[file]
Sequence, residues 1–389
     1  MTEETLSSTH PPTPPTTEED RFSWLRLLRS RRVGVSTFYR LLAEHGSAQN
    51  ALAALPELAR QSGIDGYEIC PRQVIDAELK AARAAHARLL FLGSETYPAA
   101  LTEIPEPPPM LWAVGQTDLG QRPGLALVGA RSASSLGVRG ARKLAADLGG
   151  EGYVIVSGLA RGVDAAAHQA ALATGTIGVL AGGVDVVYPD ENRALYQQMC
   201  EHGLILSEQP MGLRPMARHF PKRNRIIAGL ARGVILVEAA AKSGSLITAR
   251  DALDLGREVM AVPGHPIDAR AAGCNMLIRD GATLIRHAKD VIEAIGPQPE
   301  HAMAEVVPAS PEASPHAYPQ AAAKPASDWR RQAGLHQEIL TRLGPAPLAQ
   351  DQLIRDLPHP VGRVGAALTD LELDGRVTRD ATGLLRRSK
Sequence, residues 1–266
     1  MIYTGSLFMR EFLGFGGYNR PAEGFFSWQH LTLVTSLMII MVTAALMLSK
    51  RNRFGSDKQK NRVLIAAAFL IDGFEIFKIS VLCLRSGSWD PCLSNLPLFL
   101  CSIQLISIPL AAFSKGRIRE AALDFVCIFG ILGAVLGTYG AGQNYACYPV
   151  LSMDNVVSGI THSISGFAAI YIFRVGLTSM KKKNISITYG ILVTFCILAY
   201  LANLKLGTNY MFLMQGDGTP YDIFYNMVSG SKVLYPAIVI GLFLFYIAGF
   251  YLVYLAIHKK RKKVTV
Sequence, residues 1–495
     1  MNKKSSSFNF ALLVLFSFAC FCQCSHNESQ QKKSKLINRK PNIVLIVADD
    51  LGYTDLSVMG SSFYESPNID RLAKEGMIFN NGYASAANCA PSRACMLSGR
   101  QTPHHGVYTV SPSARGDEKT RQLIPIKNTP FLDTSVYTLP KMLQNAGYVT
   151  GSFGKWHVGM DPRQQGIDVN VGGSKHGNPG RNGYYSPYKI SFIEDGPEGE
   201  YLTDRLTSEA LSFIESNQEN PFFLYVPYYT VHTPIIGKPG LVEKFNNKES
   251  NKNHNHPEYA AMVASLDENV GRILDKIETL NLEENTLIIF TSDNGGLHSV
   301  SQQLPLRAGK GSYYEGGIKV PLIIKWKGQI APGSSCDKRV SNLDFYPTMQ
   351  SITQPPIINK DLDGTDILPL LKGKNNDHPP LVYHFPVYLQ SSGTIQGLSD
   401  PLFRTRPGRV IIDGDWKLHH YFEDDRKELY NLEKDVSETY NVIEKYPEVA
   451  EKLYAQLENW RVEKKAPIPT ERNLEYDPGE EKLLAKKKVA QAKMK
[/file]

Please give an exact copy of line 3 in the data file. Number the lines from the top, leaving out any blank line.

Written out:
    51  ALAALPELAR QSGIDGYEIC PRQVIDAELK AARAAHARLL FLGSETYPAA